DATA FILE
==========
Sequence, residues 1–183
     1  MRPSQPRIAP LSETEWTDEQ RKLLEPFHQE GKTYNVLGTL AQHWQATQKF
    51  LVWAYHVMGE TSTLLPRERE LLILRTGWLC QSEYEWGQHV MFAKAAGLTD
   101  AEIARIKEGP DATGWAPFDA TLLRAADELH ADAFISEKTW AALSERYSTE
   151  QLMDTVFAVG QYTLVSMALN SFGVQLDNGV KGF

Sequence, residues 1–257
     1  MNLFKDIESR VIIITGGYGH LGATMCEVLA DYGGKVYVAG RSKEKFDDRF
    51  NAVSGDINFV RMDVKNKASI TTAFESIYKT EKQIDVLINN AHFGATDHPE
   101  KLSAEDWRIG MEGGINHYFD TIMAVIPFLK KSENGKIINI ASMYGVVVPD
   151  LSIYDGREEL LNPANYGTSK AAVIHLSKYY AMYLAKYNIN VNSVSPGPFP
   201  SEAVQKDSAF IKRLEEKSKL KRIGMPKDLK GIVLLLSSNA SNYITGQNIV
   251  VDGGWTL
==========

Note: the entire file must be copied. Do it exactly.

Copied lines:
Sequence, residues 1–183
     1  MRPSQPRIAP LSETEWTDEQ RKLLEPFHQE GKTYNVLGTL AQHWQATQKF
    51  LVWAYHVMGE TSTLLPRERE LLILRTGWLC QSEYEWGQHV MFAKAAGLTD
   101  AEIARIKEGP DATGWAPFDA TLLRAADELH ADAFISEKTW AALSERYSTE
   151  QLMDTVFAVG QYTLVSMALN SFGVQLDNGV KGF

Sequence, residues 1–257
     1  MNLFKDIESR VIIITGGYGH LGATMCEVLA DYGGKVYVAG RSKEKFDDRF
    51  NAVSGDINFV RMDVKNKASI TTAFESIYKT EKQIDVLINN AHFGATDHPE
   101  KLSAEDWRIG MEGGINHYFD TIMAVIPFLK KSENGKIINI ASMYGVVVPD
   151  LSIYDGREEL LNPANYGTSK AAVIHLSKYY AMYLAKYNIN VNSVSPGPFP
   201  SEAVQKDSAF IKRLEEKSKL KRIGMPKDLK GIVLLLSSNA SNYITGQNIV
   251  VDGGWTL